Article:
Give Homebuyers What They Need, and Get What You Need in Return
It was 5:30am Vegas time on Friday, and I was preparing to leave for a 9am flight back to Pittsburgh. I had a lot of great meetings at the International Builders Show, drank many too many cocktails, and acquired a couple of painful, raw blisters along the way.
The plain Band-Aids I’d packed weren’t helping my cause, so I thought I’d see what the folks at the Four Seasons put in my mini bar. I was looking for Neosporin, but waiting for me there was something even better. The words “help. I have a blister” jumped right out at me.
Good marketing certainly doesn’t guarantee a good product, but this looked promising. Rather than simply selling me something – ointment, they were offering me a solution that addressed my problem directly.
$5 from the mini bar is a lot for a few medicated bandages, so I read the back of the package to see if it was worth it.
“Hydrocolloid is usually used in hospitals for serious things like third degree burns and leg ulcers. But you shouldn’t feel guilty about using it on something as small as a blister. There is enough hydrocolloid to go around.”
Both charming and informative. Sold!
So, did it work? Absolutely! Within an hour, the pain was gone. The bandages stayed on my feet all day, and by the following weekend the skin healed completely. Whenever I have a blister or a burn from now on, I know what I’ll be using. They do the job right and are more cost effective overall. Because they focused on me, the customer, I’m also curious about what else Help Remedies has to offer.
There are two morals to this story for homebuilding professionals.
Don’t sell a product, service or feature. Solve a problem. If you demonstrate what something can do for a homebuyer’s health or lifestyle for instance, they can often be persuaded to pay a little extra. The trick is to figure out where they're coming from, and focus on the benefits you can bring to the table that will satisfy their needs.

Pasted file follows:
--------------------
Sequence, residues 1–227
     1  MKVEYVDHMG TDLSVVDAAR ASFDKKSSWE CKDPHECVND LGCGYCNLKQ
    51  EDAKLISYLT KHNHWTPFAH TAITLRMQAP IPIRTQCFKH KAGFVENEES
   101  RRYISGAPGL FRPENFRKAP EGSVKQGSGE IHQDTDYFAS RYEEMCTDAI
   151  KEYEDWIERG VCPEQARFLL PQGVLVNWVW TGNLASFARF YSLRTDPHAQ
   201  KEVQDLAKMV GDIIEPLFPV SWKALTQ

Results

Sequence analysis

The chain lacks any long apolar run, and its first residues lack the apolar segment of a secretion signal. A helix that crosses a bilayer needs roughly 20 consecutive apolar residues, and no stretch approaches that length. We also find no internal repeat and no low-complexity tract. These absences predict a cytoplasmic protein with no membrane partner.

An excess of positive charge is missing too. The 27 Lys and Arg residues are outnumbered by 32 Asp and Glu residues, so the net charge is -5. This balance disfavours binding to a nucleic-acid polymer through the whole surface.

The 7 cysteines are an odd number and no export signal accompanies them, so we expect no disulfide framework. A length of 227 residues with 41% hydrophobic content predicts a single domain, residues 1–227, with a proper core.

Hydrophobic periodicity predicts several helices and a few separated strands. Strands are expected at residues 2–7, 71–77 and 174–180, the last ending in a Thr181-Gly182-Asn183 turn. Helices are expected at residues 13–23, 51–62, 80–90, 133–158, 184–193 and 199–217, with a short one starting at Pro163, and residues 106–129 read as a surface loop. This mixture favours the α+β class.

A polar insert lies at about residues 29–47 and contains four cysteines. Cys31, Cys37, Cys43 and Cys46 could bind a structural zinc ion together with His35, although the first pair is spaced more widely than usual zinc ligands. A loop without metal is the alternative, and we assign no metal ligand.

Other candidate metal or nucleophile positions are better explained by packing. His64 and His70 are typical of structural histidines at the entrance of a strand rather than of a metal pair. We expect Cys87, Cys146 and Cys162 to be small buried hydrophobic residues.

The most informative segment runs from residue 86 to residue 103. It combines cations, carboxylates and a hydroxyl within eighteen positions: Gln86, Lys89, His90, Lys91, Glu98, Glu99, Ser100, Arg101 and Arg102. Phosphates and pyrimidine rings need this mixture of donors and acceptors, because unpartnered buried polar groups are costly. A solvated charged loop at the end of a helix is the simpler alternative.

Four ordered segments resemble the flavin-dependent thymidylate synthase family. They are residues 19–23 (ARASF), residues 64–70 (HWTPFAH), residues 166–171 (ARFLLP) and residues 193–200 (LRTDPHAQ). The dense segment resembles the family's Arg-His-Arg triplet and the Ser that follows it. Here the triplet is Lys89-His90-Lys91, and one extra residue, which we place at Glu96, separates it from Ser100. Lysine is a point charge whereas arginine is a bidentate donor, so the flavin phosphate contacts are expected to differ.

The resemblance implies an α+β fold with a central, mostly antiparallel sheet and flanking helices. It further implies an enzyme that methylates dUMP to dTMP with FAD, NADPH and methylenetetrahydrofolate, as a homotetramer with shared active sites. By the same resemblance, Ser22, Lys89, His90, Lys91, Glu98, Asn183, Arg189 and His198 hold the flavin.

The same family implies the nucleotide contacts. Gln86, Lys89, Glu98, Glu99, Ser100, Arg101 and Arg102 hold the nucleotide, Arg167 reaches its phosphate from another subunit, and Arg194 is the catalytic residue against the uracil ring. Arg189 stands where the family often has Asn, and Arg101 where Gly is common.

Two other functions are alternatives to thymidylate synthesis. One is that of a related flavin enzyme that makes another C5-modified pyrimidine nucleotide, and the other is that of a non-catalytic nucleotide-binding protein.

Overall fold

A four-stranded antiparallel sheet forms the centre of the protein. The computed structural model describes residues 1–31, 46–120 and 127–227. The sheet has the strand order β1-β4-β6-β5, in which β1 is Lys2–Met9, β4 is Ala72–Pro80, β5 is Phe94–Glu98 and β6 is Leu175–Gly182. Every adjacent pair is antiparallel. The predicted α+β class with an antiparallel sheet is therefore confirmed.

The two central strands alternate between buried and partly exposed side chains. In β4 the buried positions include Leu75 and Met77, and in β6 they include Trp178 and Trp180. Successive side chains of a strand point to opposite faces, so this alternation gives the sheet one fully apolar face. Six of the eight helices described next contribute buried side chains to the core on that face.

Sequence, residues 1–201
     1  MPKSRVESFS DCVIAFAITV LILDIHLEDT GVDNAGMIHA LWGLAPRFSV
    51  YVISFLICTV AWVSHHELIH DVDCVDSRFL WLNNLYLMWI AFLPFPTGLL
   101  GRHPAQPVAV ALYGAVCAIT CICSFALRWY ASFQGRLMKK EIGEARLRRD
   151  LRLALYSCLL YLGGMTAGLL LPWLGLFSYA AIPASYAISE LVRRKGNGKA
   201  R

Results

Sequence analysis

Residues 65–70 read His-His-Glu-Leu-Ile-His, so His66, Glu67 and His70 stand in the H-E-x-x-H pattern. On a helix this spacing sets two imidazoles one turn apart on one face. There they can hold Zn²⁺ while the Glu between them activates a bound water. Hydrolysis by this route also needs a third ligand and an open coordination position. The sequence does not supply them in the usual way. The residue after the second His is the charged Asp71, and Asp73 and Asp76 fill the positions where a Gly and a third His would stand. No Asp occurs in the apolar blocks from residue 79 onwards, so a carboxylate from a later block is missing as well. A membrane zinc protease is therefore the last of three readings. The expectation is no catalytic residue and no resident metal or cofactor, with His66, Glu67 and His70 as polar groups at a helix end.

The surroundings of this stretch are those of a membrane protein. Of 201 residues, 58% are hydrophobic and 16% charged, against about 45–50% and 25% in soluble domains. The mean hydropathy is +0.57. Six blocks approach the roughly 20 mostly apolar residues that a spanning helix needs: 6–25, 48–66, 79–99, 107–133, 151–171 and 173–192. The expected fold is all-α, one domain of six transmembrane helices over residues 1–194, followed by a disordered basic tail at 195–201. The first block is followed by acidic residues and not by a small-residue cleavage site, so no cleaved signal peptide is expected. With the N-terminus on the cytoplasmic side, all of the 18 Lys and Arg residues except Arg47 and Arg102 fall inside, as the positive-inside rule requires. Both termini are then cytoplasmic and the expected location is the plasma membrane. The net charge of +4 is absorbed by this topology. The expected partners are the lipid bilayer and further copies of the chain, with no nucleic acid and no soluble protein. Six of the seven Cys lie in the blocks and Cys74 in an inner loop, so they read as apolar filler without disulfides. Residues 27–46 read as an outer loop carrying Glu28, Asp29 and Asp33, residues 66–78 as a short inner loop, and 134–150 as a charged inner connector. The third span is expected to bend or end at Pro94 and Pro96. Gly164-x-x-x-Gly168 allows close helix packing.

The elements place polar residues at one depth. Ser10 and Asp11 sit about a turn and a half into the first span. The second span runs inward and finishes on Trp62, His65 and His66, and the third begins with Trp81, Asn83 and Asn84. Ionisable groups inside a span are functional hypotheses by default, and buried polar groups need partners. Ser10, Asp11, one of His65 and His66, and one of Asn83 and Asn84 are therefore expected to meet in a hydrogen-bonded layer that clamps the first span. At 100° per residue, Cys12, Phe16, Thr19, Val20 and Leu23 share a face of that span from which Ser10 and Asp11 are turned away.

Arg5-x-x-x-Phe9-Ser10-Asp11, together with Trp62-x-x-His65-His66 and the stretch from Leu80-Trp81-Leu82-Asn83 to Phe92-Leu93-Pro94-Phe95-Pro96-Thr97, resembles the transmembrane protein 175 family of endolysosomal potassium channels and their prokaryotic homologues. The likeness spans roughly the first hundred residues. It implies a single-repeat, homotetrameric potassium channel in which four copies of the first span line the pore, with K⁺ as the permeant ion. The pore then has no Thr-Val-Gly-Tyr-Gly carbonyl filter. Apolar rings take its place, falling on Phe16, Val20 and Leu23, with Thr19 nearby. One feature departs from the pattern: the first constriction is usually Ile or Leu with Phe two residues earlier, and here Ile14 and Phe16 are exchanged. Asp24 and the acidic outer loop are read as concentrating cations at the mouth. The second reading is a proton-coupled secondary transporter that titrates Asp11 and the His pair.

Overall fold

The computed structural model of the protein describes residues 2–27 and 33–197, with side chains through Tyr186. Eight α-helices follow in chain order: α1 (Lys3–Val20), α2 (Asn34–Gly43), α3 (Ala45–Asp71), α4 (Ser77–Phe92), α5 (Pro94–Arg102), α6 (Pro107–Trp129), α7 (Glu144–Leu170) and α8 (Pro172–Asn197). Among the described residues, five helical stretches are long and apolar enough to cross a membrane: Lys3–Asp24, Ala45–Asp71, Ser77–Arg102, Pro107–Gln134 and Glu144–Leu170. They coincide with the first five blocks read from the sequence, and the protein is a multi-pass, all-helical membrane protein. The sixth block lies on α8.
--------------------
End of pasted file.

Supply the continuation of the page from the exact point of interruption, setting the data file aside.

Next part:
Now, I’m not suggesting espionage and intrigue between homebuilders and product and material suppliers. But, there’s a lot we can learn from sharing ideas with each other and looking at what other industries are doing.
Over drinks at the IBS Show Village, Ryan Ortman of Woodside Homes said something to this effect. “Other industries are light years ahead of us in using (digital) technology in cool ways. The solutions are there. We just need to get on the ball and apply them to our own industry.” That’s true, and we should. I’d say that we can learn just as much from a marketing, sales and service perspective.
Become an Alliance member or sponsor (if you aren’t already), and participate in one or more of our Action Groups – Getting Paid, Codes, Velocity and Engagement. These groups have been created based on feedback from Alliance builders and will be launched in Q1 of 2013.
On a final note, thanks to Help Remedies for the inspiration and for solving my problem. Very cool.
Director, Best Practices Research Alliance